In the recent municipal election, turnout in Victoria grew 42% to 24,447. In total, 39% of eligible Victorians voted.
›› Lee Herrin
Fernwood was no exception. If we allocate the advanced polls back to each neighbourhood on a pro rata basis, Fernwood’s turnout grew 46% to 2,231 ballots cast.
Higher turnout is a harbinger of electoral change. Rarely do people turn out in droves to support the status quo. Although the vast majority (63%) of voters in Victoria did not support the incumbent Mayor, because of Victoria’s predilection for multi-contestant mayoral elections, it was an extremely close race. Lisa Helps defeated Dean Fortin by 89 votes, or less than half of one percent of all ballots cast.
The race was close at most of the city polling stations. Lisa won the election handily in Fairfield, and nearly lost it again in Burnside-Gorge and Oaklands. Lisa beat Dean by only 50 votes in Fernwood (though Fernwood was least likely to vote for Ida Chong or any of the other candidates).
Just as mayors are different, each of a mayor’s administrations is different. Dean was first elected in 2008, one month after the collapse of the global economy. I took the job as Fernwood NRG’s Executive Director a year later, and my immediate sense was that there was little room to discuss civic investment in neighbourhoods. However, in the past three years (Dean’s second term), there was a significant shift and I have been publicly grateful for renewed investment in the Fernwood Community Centre.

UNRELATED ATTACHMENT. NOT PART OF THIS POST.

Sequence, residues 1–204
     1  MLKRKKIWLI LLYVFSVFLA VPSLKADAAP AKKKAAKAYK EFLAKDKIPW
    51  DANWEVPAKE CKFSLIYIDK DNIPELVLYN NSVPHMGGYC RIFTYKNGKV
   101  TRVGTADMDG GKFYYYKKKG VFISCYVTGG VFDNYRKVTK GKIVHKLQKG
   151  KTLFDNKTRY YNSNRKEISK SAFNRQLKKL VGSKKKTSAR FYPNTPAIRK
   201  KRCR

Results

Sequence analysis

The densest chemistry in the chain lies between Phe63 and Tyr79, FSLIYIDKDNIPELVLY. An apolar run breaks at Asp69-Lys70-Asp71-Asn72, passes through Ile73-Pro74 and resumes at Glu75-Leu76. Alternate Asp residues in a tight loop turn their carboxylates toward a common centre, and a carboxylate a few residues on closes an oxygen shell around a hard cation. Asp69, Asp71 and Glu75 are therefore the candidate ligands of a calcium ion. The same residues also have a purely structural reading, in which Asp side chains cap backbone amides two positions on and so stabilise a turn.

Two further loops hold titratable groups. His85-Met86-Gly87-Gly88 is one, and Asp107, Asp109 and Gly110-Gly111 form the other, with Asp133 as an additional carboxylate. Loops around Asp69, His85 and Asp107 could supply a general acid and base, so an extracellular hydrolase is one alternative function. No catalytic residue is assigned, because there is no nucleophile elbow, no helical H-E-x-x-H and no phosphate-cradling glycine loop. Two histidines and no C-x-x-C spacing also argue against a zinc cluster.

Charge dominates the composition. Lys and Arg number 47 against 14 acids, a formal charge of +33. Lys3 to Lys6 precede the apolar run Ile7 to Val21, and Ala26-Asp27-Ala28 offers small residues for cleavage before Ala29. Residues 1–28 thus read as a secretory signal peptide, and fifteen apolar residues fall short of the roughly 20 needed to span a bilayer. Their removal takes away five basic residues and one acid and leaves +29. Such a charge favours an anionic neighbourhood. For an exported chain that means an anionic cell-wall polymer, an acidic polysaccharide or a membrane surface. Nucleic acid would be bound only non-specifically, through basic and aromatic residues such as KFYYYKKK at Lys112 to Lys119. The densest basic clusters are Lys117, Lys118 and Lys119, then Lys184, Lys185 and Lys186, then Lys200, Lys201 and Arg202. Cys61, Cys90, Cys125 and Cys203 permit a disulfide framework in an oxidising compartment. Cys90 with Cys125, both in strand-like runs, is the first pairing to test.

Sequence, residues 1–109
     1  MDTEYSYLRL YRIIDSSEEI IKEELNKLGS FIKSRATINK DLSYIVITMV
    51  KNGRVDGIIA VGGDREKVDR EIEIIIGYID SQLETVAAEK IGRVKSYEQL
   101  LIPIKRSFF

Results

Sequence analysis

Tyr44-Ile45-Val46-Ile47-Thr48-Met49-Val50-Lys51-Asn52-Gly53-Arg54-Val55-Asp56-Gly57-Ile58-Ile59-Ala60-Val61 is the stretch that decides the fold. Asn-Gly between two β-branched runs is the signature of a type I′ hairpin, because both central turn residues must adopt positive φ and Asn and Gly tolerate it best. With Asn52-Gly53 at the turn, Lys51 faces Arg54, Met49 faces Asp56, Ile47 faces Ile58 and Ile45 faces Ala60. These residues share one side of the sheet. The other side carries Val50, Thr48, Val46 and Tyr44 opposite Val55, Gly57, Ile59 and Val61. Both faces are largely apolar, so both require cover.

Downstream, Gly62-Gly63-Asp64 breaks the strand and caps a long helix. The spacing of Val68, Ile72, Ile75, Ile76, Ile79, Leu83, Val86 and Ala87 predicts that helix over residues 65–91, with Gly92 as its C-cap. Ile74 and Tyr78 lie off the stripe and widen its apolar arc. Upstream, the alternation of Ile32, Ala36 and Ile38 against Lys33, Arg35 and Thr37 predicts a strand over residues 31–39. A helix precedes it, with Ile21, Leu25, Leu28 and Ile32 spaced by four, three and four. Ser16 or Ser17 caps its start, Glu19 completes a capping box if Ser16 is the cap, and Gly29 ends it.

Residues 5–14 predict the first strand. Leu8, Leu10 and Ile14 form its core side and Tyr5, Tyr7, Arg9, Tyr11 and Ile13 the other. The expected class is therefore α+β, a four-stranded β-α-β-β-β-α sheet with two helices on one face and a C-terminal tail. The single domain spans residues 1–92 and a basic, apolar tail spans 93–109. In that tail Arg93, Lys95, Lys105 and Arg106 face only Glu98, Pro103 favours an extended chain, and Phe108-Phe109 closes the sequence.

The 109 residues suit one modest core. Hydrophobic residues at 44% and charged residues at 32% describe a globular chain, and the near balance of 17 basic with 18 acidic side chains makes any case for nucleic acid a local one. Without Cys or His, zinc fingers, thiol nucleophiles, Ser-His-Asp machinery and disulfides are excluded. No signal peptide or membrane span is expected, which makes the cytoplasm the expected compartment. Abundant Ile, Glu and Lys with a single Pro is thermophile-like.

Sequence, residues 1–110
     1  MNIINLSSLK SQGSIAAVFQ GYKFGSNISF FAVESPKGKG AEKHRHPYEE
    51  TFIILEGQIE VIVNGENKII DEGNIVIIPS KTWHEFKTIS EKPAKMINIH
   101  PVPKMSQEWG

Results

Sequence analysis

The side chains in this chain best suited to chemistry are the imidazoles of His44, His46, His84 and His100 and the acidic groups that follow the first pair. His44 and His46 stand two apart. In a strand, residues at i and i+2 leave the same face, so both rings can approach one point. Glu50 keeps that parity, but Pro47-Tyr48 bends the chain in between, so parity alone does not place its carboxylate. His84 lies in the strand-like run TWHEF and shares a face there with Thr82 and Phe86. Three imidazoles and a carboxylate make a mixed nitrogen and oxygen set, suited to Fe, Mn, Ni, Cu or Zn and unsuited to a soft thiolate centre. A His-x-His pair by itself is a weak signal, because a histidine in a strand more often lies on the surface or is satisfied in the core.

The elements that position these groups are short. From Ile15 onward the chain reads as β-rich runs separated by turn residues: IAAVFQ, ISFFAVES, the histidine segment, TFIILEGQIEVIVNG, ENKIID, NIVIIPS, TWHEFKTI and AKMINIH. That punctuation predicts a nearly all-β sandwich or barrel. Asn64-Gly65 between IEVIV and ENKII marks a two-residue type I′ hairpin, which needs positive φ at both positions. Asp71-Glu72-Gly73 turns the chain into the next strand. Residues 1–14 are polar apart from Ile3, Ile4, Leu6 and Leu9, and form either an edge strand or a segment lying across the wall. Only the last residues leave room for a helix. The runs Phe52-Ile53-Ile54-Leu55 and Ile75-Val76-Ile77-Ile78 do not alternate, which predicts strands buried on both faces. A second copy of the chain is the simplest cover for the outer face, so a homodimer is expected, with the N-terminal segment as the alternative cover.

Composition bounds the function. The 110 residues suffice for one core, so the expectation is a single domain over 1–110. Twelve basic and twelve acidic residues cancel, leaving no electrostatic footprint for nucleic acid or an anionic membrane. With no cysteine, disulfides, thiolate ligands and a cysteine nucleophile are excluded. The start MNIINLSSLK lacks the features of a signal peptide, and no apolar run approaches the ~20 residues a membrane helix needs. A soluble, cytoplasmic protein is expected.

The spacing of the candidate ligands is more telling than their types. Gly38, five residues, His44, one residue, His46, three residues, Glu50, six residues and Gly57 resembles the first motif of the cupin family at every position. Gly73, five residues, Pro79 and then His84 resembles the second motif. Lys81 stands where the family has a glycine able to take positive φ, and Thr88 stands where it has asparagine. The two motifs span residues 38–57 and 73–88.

There have been other improvements too. In the past three years it has been easier (but still not easy) to work with City Hall to try new things (a neighbourhood orchard) or to get help on important issues (opening our new out of school care program in the community centre).
This is a change I would like to see go a whole lot further, and I am optimistic it might: in my interview with Lisa Helps (see Feature: An Interview with Victoria’s New Mayor), she spoke about building stronger relationships with neighbourhoods and enabling real participation from neighbourhoods in setting civic priorities. To me, this sounds like Fernwood talk—which is not surprising since, to put it in the new Mayor’s words, “It’s a sense of new possibility that the Mayor is from Fernwood.”